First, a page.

The 31st Chabad “To Life” Telethon, Chabad of California’s highest-profile annual fundraising event, is scheduled to air on KTLA at 8 p.m. on Sunday, this time with former talk-show host Larry King as its celebrity host. But while in past years the event has had much advance publicity, this year few, if any, of the unmistakable black-hatted, black-clad dancing rabbis have been spotted on banners and billboards on the streets of Los Angeles.
“They’re actually going up today,” telethon producer Rabbi Chaim Cunin said in an interview on Monday, Sept. 19. “The dancing rabbis are coming at you,” Cunin said, adding that he expected the advertisements to be concentrated around the Orthodox Jewish neighborhoods around Pico-Robertson and in the San Fernando Valley.
This year’s ads for the telethon, Cunin said in a separate interview earlier this month, have been coming through a bit more slowly than he had hoped. Cunin said all the advertising for the telethon—like most everything it takes to put the program together—is donated.
That includes the talent. Comedian Jan Murray hosted the first telethon in 1981, and since then a stream of actors, politicians, and—of course—rabbis have graced the stage. Actor Jon Voight has been a frequent guest, as has radio commentator and Jewish Journal columnist Dennis Prager, who hosted the event in 2002. This is the second year running that retired Jewish CNN newsman King will host.
Cunin remembers putting flyers out on the windshields of cars when he was a toddler to promote the telethon, but more recently, Chabad has gotten the word out with banners hung from lampposts around the city. The display locations are made available by the City of Los Angeles’s Bureau of Street Lighting Community Services Division exclusively to nonprofit or charitable organizations. According to the division’s website, it costs $100 to apply to hang an unspecified number of banners for 30 days. The cost of production, installation and removal is much higher, running close to $50,000 for 500 banners, according to one company’s estimate.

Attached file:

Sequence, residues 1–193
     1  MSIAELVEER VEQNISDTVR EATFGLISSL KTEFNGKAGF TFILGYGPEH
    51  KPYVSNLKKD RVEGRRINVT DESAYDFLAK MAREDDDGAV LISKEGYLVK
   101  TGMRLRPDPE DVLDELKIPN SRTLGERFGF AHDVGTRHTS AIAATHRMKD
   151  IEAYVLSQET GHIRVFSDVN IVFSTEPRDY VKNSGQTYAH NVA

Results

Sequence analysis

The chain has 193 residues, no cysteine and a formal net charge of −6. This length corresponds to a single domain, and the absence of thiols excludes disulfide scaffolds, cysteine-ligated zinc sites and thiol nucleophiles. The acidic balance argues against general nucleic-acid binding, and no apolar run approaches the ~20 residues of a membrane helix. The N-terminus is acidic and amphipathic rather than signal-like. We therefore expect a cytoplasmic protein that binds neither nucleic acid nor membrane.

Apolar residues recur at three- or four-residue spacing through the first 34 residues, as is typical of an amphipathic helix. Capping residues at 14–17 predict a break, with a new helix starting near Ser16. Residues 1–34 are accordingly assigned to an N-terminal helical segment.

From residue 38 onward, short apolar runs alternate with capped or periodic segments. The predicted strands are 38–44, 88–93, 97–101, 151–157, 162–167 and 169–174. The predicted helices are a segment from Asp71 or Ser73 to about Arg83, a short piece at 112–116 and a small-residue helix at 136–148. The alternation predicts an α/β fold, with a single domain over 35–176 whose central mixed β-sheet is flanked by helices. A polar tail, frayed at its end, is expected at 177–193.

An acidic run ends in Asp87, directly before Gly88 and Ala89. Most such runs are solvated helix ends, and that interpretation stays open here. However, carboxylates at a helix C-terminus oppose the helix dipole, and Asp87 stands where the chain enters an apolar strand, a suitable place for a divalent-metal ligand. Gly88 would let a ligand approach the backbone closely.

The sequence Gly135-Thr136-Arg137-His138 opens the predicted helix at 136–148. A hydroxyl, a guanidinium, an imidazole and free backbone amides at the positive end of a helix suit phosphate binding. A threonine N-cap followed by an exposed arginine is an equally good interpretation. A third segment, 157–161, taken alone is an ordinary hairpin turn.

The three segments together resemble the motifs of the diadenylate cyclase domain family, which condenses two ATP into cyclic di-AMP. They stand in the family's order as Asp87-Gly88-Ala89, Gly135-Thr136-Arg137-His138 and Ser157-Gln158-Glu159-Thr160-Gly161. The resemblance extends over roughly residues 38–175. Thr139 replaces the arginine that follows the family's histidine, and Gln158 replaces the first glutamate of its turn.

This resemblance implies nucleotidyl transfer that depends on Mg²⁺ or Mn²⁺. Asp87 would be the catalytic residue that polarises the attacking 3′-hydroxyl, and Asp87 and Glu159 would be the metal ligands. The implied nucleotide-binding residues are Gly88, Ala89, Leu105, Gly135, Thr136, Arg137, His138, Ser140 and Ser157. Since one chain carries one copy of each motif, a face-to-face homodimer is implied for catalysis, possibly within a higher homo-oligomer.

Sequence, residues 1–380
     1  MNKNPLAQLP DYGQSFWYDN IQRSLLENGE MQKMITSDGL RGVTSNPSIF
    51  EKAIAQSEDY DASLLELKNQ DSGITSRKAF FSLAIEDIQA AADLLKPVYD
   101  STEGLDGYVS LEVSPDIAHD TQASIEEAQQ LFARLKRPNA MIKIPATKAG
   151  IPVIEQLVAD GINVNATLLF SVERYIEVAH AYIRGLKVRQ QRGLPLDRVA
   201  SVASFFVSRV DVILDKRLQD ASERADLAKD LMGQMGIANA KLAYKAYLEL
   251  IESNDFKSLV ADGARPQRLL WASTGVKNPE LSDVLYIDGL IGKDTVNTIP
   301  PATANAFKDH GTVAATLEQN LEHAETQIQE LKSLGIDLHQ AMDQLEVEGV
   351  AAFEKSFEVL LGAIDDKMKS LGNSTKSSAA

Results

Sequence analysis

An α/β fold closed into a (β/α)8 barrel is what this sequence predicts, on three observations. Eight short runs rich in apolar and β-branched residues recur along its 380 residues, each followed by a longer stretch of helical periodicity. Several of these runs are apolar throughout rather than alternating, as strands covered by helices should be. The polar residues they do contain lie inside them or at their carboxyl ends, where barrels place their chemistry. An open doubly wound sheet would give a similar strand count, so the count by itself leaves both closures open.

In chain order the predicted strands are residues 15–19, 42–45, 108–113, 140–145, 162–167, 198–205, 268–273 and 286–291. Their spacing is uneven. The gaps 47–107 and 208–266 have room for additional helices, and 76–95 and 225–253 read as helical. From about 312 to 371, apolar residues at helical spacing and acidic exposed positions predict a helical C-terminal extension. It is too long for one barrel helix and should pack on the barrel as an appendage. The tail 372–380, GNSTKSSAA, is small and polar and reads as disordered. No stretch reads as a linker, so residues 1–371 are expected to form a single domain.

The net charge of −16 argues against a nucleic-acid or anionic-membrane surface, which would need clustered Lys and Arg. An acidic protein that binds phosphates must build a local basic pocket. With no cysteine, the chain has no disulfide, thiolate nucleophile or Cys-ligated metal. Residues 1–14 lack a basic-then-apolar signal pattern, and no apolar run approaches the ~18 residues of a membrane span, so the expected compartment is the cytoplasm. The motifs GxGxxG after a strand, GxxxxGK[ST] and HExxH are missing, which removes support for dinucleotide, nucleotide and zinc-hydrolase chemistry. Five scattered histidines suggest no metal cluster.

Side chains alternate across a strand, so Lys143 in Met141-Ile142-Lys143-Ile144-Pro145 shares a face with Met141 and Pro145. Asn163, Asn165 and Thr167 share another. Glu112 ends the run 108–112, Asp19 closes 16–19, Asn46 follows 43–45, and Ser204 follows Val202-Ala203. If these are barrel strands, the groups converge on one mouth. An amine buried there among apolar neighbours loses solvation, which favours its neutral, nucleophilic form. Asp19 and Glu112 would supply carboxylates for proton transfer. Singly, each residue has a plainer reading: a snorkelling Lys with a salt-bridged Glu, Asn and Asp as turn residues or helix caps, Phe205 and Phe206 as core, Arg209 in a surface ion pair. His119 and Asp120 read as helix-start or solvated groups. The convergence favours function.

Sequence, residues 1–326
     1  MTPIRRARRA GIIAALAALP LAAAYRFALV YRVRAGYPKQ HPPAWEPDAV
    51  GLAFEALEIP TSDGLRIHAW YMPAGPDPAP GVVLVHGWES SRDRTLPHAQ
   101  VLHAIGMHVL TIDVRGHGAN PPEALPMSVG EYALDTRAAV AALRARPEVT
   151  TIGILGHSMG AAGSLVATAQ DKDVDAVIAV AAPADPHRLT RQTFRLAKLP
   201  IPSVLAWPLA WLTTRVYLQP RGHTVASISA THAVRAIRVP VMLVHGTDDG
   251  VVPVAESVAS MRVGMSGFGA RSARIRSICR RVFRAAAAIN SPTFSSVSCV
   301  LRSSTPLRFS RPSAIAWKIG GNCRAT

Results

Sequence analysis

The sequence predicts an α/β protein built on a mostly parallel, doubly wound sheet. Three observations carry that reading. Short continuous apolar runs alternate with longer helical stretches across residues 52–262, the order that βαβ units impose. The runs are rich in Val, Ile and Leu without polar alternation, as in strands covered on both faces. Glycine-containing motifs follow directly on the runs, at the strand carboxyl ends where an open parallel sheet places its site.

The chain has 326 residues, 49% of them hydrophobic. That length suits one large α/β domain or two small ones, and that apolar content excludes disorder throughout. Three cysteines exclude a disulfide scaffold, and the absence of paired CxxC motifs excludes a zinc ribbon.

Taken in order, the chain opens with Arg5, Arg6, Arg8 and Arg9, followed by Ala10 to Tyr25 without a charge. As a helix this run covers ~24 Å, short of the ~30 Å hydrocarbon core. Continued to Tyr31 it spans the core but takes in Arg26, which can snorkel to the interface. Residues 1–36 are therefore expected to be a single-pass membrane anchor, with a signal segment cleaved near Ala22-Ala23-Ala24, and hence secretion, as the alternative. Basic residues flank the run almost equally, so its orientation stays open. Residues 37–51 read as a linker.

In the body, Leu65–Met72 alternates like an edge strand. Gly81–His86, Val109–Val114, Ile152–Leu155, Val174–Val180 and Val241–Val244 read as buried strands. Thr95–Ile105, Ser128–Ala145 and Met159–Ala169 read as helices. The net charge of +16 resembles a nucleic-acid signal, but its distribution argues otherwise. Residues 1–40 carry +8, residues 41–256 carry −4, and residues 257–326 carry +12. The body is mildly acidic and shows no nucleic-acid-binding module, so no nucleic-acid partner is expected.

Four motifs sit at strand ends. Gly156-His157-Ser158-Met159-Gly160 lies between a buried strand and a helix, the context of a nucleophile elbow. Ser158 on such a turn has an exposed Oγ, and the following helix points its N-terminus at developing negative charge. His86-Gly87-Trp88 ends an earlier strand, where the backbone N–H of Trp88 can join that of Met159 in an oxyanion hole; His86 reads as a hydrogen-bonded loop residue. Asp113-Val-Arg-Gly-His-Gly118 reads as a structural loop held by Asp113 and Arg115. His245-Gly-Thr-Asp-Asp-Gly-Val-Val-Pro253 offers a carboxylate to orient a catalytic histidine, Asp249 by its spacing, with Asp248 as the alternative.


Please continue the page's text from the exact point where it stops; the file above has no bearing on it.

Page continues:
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Chris Enriquez at the Bureau of Street Lighting said that Chabad is authorized by the city to apply for and install the banners itself.
Even the Chabad telethon website, tolife.com, appears to have begun promoting the 2011 telethon only about a month in advance of the event.
“Is the Chabad telethon happening in 2011?” Tom Gryn asked in a posting on the event’s Facebook page on Aug. 23. “There are no updates or mentions on KTLA or JLTV, and tolife.com is still listing the dates from 2010. This weekend is the usual date for the telethon…”
Gryn, who watched the telethon when he lived in Los Angeles, posted a report four days later that the 2011 date had been posted on tolife.com.
“Looks like it is only 3 hours this year.,” wrote Elayne Beneford of Toronto on Sept. 5.
“It does vary from year to year,” Cunin said, noting that the 2010 telethon also lasted three hours, while the 2008 and 2009 telethons lasted five hours, and, in 2005, the telethon ran a marathon nine hours.
In 2010, Cunin said, the telethon brought in between $5 million and $6 million for Chabad of California’s varied programs and institutions. Chabad of California runs schools, summer camps, and community outreach centers across the state, and also offers drug and alcohol rehabilitation, crisis intervention, and support for children with special needs.
In addition to being broadcast on KTLA his year’s program will be broadcast on DirecTV and on an independent station based on Long Island, New York.
Cunin said that like all nonprofits the economic downturn has hit Chabad on both sides of its balance sheet. Requests for assistance have increased, he said, and “incoming donations have really been affected in a very dramatic way.”
“We obviously are hoping for a major success on Sept. 25,” Cunin said.